After the death of an individual, one of the documents that needs to be reviewed is the individual’s deed to real estate he or she owned. Ohio law and the language in the deed determine what happens with the decedent’s ownership in the real estate. In Ohio, if real estate is owned by Jim Smith with no transfer on death affidavit of record, then Mr. Smith’s real estate will pass through probate, and his will determines who owns the real estate.
If the language of the deed lists the owners as “Jim Smith and Mary Smith”, then this real estate is owned by both parties as tenants in common during their joint lives. This is a common form of real estate ownership in Ohio and both Jim and Mary each own an undivided interest in the entire real estate. Upon the death of either owner, the deceased owner’s ½ interest in the real estate passes to his or her heirs at law or beneficiaries in his or her will. If the decedent has a will, the will determines who becomes the owner of the decedent’s undivided ½ interest in the real estate.
This transfer of real estate does not automatically happen. First, the decedent’s executor named in the will is appointed as executor in the probate court in the county where the decedent was residing. Then after filing an inventory of all of the probate assets, the fiduciary files a document called a Certificate of Transfer which is filed at the probate court and then recorded in the county recorder’s office where the real estate is located. This Certificate of Transfer acts as a deed and names the new owner of the deceased individual’s undivided ½ interest in the real estate.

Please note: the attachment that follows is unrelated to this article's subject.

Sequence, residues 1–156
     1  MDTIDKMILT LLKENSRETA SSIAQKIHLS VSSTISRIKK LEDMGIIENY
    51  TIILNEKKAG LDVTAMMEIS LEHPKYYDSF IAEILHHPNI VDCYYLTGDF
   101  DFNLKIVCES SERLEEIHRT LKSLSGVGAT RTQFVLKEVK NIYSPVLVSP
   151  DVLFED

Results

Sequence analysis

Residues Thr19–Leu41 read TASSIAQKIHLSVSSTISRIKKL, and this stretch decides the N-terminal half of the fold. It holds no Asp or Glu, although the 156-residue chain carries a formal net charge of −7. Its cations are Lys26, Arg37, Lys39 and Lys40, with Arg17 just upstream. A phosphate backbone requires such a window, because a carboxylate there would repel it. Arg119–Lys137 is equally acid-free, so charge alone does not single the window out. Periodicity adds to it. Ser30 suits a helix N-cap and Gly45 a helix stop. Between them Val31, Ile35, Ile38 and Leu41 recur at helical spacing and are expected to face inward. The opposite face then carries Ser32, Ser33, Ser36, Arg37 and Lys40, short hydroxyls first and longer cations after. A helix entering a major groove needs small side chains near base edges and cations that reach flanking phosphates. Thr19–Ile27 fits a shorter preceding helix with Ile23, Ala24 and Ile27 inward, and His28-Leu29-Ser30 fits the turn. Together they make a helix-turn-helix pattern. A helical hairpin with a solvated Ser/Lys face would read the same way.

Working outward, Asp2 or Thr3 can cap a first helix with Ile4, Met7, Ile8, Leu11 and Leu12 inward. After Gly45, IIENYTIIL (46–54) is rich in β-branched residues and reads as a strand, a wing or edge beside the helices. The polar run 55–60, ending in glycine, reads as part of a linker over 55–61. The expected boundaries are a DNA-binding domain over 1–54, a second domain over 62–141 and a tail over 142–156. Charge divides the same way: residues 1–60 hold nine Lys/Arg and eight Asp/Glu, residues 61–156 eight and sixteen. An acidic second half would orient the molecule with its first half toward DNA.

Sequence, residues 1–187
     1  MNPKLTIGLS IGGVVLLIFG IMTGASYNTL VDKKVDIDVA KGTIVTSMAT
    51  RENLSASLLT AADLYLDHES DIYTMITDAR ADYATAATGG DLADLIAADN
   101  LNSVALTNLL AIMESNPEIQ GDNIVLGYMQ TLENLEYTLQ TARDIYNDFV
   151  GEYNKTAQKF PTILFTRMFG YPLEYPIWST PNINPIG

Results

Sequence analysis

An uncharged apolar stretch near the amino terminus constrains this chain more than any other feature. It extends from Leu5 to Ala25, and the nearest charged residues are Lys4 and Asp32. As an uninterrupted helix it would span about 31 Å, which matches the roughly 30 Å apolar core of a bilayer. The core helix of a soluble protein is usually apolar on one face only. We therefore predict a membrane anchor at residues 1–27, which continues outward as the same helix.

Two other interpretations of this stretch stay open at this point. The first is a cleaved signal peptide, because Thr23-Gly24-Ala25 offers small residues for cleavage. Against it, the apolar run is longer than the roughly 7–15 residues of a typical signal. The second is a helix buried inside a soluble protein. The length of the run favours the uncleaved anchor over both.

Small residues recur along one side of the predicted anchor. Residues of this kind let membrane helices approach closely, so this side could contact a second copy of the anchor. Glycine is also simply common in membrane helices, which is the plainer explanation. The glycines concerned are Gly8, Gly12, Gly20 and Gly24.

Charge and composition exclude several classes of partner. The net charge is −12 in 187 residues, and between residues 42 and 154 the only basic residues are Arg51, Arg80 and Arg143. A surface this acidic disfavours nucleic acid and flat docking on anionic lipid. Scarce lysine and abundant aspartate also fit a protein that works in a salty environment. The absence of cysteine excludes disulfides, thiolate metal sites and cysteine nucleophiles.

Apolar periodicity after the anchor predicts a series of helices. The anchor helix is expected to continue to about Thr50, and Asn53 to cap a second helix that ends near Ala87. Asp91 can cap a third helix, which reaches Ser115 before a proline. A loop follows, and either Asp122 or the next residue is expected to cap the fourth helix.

If the deed lists the owners as “Jim Smith and Mary Smith for their joint lives remainder to the survivor of them”, this is considered a survivorship deed. This is also a common way to own real estate for spouses and sometimes other individuals.
If the real estate is held in survivorship form, upon the death of an owner of the real estate, the decedent’s ownership interest in the real estate passes by law to the surviving co-owner. In order to show the survivor as the owner, an interested party, most presumably the surviving co-owner, signs an affidavit that states the following:
1. The affidavit describes who the joint owners were and the specific county recorder reference to the deed where the survivorship deed was initially recorded;
2. The affidavit lists the specific real estate description and parcel number;
3. The affidavit lists the specific address of the real estate;
4. The affidavit states that one of the co-owners passed away and specifically lists the date of death and states that a certified death certificate is attached to the affidavit; and
5. The affidavit states that as a result of the death of the party listed in the previous paragraph that the surviving co-owner is the fee simple owner of the above-described premises.
The surviving owner then signs the Affidavit in the presence of a notary public, a certified death certificate is attached, and then the Affidavit and certified death certificate is recorded in the county where the real estate is located. As a result of this, the real estate is now technically owned by the surviving co-owner.
Therefore, when an individual passes away with real estate, it is important for the surviving owner and/or family members to determine whether or not the deed is a tenancy in common deed or whether it is a survivorship deed to determine exactly what needs to be done in order to have the real estate transfer after the decedent’s death.
Please contact your local estate planning attorney to assist you with these matters.
NOTE: This general summary of the law should not be used to solve individual problems since slight changes in the fact situation may require a material variance in the applicable legal advice.
James F. Contini II, Esq.
Certified Specialist in Estate Planning,
Trust & Probate Law by the OSBA
Krugliak, Wilkins, Griffiths & Dougherty Co., LPA
158 North Broadway
New Philadelphia, Ohio 44663
Phone: (330) 364-3472
Fax: (330) 602-3187